Responsive to

Amy Chua; Battle Hymn of the Tiger Mother; Penguin Books; 2011; 258 pages; kindle: $10, paper, $0.01+SHT.


  • Amy Chua
  • tiger mom
  • Madeline Levine
  • Martin Seligman
    • founded positive psychology
    • defined flourishing
      requires five items (PERMA)

      1. Positive Emotion
      2. Engagement
      3. Positive Relationships
      4. Meaning
      5. Accomplishment
  • Judgement & Decision-Making (JDM)
  • cognitive intelligence
  • Scholastic Aptitude Test (SAT)
  • Law School Admissions Test (LSAT)
  • Assertions (assumptions of the article, the thesis of the article)
    1. JDM is required for success.
    2. JDM is [the set of] skills of emotion, emotional intelligence.
    3. <quote>education concerning and life-long practice of cultivating one’s character strengths, ethics, and professionalism are crucial to achieving happiess and satisfaction in school, work, and life.</quote>
  • Multi-state Professional Responsibility Examination (MPRE)
  • American Bar Association (ABA), Model Code of Judicial Conduct.
  • Science, Technology, Engineering, Mathematics (STEM)
  • Cites Star Trek, page 22.
    • Star Trek; the original series, Season 1; 1966.
    • Star Trek: The Devil in the Dark; NBC; originally broadcast 1967-03-09.
  • lots of personal antecdotes



  • Paper Tigers; Wesley Yang; In New York Magazine; 2011-05-08.
    Teaser: What happens to all the Asian-American overachievers when the test-taking ends?
  • Mark R. Lepper & David Greene, Undermining Children’s Intrinsic Interest with Extrinsic Reward: A Test of the “Overjustification” Hypothesis, 28 J. PERSONALITY & SOC. PSYCHOL. 129 (1973).
  • Edward L. Deci, Richard M. Ryan, The “What” and “Why” of Goal Pursuits: Human Needs and the Self-Determination of Behavior, 11 PSYCHOL. INQUIRY 227 (2000)
  • Ben Dean, Learning about Learning; In Some Blog entitled AUTHENTIC HAPPINESS; circa 2004,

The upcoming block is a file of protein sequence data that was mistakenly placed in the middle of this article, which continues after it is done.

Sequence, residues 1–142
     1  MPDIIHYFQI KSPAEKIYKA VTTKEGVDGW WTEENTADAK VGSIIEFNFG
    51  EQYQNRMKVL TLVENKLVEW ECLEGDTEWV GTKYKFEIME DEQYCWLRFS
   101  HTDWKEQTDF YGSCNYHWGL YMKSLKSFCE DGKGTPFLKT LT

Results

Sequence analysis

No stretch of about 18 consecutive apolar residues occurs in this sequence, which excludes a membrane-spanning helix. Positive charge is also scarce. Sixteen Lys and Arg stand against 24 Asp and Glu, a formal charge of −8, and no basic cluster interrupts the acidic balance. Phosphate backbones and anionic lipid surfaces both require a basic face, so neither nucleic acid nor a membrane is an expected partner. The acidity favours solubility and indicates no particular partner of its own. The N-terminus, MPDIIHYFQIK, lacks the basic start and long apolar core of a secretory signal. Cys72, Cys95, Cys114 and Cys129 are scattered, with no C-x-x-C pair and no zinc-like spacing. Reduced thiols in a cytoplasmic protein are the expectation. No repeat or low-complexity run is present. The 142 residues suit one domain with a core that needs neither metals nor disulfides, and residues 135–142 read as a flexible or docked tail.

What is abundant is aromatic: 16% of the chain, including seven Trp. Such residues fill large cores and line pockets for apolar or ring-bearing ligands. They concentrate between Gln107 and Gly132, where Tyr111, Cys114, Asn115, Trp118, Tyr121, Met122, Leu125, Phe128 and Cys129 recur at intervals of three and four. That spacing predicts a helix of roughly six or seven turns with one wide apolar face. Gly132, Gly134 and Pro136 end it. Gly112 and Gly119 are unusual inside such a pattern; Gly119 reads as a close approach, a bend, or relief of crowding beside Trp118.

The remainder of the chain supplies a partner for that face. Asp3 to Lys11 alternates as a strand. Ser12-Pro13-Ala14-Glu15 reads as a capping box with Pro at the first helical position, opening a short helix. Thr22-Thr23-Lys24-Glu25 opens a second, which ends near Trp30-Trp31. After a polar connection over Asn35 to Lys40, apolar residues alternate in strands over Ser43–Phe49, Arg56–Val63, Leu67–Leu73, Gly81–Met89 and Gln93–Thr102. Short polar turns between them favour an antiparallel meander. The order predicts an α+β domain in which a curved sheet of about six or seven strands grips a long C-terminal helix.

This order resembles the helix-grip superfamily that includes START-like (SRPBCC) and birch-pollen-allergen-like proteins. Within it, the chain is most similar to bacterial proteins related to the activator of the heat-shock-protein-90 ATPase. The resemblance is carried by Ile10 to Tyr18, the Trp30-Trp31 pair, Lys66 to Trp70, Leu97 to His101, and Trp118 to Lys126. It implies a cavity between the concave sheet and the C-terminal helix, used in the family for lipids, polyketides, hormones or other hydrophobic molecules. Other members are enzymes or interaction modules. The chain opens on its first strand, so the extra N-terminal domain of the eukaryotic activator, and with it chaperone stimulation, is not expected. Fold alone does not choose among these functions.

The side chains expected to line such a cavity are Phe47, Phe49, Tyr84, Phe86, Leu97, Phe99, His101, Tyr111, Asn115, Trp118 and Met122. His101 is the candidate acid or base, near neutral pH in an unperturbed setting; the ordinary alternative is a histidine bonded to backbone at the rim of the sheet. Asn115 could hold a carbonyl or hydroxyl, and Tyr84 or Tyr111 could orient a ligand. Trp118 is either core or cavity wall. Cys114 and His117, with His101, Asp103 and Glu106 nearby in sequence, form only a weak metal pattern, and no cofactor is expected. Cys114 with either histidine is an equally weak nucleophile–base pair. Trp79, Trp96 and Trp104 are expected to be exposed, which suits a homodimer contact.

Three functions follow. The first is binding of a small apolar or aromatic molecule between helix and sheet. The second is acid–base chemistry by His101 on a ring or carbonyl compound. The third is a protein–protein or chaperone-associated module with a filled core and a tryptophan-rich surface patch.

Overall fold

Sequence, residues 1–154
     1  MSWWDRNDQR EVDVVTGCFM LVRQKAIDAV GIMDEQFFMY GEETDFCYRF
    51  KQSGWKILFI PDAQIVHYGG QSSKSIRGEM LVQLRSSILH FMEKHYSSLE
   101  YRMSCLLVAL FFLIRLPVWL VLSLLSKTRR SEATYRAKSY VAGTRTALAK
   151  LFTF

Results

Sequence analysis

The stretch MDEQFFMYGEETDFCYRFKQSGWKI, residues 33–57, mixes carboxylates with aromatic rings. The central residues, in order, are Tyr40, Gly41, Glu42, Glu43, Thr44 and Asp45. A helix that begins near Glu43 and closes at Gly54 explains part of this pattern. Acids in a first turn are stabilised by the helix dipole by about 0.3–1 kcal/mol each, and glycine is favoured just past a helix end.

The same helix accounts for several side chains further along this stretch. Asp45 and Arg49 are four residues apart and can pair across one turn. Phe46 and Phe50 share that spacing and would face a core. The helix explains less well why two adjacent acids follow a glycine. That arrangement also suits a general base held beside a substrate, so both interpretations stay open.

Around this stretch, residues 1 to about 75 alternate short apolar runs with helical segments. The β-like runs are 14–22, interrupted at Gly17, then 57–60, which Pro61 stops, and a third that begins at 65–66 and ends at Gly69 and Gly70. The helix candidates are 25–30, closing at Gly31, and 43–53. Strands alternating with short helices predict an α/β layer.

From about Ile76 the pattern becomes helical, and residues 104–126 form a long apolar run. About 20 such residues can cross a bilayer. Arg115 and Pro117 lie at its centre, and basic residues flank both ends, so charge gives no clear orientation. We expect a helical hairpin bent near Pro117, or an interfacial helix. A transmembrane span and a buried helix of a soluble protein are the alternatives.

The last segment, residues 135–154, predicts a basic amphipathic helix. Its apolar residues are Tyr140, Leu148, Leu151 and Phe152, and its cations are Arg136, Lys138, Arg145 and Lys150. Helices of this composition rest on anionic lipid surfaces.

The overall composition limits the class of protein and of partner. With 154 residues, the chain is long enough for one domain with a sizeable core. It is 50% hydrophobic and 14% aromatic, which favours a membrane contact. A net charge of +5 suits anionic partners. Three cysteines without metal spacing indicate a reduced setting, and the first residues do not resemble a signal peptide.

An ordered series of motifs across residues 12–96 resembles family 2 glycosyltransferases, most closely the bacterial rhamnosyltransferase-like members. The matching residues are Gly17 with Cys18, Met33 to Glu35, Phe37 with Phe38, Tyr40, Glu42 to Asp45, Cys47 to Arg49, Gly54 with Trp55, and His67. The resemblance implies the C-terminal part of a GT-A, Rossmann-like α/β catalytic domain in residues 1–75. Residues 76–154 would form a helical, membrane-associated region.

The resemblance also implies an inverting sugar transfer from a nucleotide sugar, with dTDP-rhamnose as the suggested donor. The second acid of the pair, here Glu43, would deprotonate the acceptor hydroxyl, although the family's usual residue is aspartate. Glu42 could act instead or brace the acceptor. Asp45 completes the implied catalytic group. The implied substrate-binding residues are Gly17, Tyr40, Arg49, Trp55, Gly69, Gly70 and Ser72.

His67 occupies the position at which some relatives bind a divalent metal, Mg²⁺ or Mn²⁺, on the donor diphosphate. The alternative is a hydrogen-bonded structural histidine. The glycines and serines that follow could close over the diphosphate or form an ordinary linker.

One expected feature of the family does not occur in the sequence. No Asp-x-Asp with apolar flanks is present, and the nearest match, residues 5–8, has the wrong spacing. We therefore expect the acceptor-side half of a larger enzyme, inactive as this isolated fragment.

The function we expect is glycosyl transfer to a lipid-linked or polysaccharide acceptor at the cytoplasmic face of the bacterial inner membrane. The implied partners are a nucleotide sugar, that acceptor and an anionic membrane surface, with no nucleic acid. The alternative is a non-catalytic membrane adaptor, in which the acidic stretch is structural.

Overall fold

tl;dr → defining love of learning, explaining its benefits, and how to develop and nourish it.
  •  Race to Nowhere, a movie

Via: backfill.

The Real Roots of Midlife Crisis are in the U-Curve | The Atlantic

The Real Roots of Midlife Crisis; Jonathan Rauch; In The Atlantic; 2014-12.
Teaser: What a growing body of research reveals about the biology of human happiness—and how to navigate the (temporary) slump in middle age

Jonathan Rauch is

  • a contributing editor of The Atlantic
  • a contributing editor of the National Journal
  • a senior fellow at the Brookings Institution.

tl;dr → 6200 words; the U-Curve, the happiness U-curve, happiness economics, wisdom research


  • the middle age is defined as “the 40s into the early 50s”
  • Donald Richie
  • Richard Easterlin
    • University of Pennsylvania
      • 1970s
    • University of Southern California
      • contemporary
  • Happiness Economics
  • David Blanchflower
    • labor economics
    • Dartmouth
  • Andrew Oswald
    • labor economics
    • University of Warwick
  • Carol Graham
    • developmental economics
    • Brookings Institution
  • median nadir, age 46
  • Carol Graham, Milena Nikolova; A Study. That. Shows.; uncited, undated.
  • Caveats
    • occurs (mostly) in wealthy countries
    • only “adjusting” for variables
      • income